When I asked a small-store owner in Nairobi what he thought was the biggest boon to Kenya’s growth, his answer took me by surprise. He didn’t say the United Nations. Nor did he credit the Peace Corps or praise the United States Agency for International Development.Instead, he said China.And it was easy to see why. Much of the construction machinery — the bulldozers, excavators, pavers, even the helmets worn by the workers — were marked with the logos of Chinese companies. But the workers were Kenyan. And everywhere, roads were being paved and bridges being erected, creating traffic jams for stretches at a time. These are the welcoming signs of a booming economy. It turns out that China has been investing billions of dollars in Africa in exchange for access to its resources.It may seem a bit unorthodox for donors to benefit financially from humanitarianism, but this sort of foreign aid — one that’s highly efficient and targeted at a specific problem — is just what an ailing nation needs, especially when deteriorating infrastructure has eroded business productivity in sub-Sahara Africa by some 40 percent, according to the World Bank.And though opponents have argued against China’s poor domestic human rights record, it was endearing to see the mammoth Asian nation investing in infrastructure and stimulating job creation in a country a fraction of its size.The model isn’t perfect, but it is worth pursuing because the current paradigm for foreign aid lacks feedback and hard data. While our well-intended donations to UNICEF may make us feel warm inside, they have unintended and harmful consequences. We hope that our second-hand sweaters will keep children warm during the colder seasons; that our pencils and pens will sustain a classroom for an additional month; that our professionally crafted American textbooks will be duly used by the teachers to improve test scores; and that handing out sex education booklets will erase any dangerous myths about HIV/AIDS.Alas, it’s not that simple. The clothes and classroom supplies donated by foreign volunteers may lead to lost business, and income, for the tailor or the stationary store owner working down the street. Textbooks only benefit the students who are already at the top of their class — the ones who don’t need as much help — according to a study by economics Professor Paul Glewwe at the University of Minnesota.In the orphanage where I stayed was a large dust-covered pile of glossy HIV/AIDS packets. Though they appeared professional with their thick paper and vivid pictures, they were never even opened. Education may be a solution, but the real difficulty lies in putting it into action. So while Americans decry domestic jobs lost to the invasion of cheap foreign goods, we may be doing the same thing in these developing countries by flooding their markets with our supposed good will, stifling efforts and opportunities to create a dynamic and self-sustaining economy. It may even increase dependence on foreign aid: For every dollar given for health programs in developing nations, health funding from their own governments went down by 43 cents.The International Monetary Fund, the World Bank, volunteers and missionary groups have poured energy and billions of dollars into Africa with virtuous intentions, but they did so blindly. If a program worked, they often didn’t know why. And if it failed, they didn’t know to improve it. Even worse, they couldn’t learn from the mistakes, dooming themselves to repeat them. But does that mean they should stop being generous? Not at all. It just means they need to get smarter with development funding. And that’s exactly what MIT economist Esther Duflo has done.Efforts from researchers like Duflo have begun a revolution in foreign aid that combines the precision of the scientific method with feel-good philanthropy. And though developmental economics is still a relatively young field, the results of Duflo’s experiments in poor nations have allowed aid workers to best leverage their resources to achieve maximal impact.So based on Duflo’s method, what is the best way to reduce the spread of HIV/AIDS in sub-Saharan Africa? Is it subsidizing education costs? Creating a better school curriculum? Or maybe even both? According to Duflo’s experiment over the course of seven years in Kenya, lowering the cost of education reduces rates of sexually transmitted infections for girls, but doesn’t chip away at the their high birth rates for young women. And most surprisingly, the curriculum had no significant impact. That is important data to keep in mind for future volunteer groups hoping to reform a school system — focus resources on lowering tuition costs rather than wasting them on curricula.For the world’s second largest continent in area with a population of 1 billion (more than Europe) that’s still growing at a rapid pace, Africa’s problems are unavoidably complex and entangled. But without a systematic and scientific approach, their solutions become only more elusive. Steven Zhang is a senior in the College of Arts and Sciences. He may be reached at firstname.lastname@example.org. The Bigger Picture appears alternate Tuesdays this semester.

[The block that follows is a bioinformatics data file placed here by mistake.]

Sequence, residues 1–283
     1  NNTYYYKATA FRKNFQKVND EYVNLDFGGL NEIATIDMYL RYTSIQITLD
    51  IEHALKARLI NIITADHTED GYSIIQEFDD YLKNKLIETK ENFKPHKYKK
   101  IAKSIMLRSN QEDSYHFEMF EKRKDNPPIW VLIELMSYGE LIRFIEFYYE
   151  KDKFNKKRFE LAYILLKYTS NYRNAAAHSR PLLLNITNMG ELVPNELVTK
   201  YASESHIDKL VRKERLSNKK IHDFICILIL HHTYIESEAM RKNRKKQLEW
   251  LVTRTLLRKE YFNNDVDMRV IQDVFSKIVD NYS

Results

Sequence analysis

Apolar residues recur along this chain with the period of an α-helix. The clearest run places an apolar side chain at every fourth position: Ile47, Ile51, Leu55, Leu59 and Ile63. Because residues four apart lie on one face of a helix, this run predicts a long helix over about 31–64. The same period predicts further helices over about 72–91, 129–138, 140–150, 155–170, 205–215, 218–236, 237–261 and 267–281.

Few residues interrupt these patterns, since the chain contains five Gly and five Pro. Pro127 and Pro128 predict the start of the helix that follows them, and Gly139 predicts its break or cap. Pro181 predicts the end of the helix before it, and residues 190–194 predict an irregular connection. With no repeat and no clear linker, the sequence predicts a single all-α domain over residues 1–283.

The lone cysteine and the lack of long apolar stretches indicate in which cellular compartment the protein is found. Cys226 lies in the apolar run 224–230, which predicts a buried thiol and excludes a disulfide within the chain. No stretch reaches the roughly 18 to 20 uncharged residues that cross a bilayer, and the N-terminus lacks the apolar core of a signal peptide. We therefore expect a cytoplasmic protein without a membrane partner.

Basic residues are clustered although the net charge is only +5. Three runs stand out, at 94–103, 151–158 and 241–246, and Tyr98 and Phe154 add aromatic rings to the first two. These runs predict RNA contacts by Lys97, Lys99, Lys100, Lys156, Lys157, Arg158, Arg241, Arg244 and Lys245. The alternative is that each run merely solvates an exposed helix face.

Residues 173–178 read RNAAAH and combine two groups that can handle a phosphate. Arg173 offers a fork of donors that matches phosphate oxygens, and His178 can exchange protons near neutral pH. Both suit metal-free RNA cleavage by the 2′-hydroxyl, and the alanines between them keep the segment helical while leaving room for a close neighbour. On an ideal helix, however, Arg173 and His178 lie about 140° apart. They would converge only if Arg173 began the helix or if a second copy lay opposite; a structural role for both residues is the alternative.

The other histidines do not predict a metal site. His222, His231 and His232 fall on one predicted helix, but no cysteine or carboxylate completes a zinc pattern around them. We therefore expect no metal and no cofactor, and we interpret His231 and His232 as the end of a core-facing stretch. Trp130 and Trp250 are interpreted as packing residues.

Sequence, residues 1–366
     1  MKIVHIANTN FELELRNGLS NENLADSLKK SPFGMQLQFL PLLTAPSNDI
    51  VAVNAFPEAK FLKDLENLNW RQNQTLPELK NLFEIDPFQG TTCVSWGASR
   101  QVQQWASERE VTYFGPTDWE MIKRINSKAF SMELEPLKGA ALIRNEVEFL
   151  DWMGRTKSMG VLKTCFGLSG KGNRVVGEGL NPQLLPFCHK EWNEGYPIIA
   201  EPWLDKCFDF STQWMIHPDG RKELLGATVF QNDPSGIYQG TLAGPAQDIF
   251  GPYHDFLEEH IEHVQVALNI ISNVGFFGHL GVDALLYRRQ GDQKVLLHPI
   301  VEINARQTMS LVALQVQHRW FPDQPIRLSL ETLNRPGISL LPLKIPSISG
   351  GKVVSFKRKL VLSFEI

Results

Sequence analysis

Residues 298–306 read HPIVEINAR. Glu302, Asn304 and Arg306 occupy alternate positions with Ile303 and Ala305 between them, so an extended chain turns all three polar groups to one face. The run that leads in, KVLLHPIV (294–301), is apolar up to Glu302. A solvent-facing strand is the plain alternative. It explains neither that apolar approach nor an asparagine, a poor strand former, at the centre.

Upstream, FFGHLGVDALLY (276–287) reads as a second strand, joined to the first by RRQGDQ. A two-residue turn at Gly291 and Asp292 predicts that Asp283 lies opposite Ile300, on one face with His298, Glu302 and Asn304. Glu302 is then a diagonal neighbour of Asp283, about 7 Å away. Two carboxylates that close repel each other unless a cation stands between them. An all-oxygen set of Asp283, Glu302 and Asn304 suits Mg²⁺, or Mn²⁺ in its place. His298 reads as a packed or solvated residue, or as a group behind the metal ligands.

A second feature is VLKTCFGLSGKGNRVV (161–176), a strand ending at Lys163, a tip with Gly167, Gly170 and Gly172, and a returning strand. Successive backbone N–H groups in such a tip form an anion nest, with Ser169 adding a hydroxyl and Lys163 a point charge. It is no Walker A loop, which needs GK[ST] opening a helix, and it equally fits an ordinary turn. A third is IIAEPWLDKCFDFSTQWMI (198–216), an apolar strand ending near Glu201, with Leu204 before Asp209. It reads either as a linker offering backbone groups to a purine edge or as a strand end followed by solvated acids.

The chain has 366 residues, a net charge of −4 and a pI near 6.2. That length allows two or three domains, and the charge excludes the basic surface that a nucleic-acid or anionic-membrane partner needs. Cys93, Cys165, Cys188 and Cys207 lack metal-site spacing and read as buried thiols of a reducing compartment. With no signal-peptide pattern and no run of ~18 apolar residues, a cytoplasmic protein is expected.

Original Author: Steven Zhang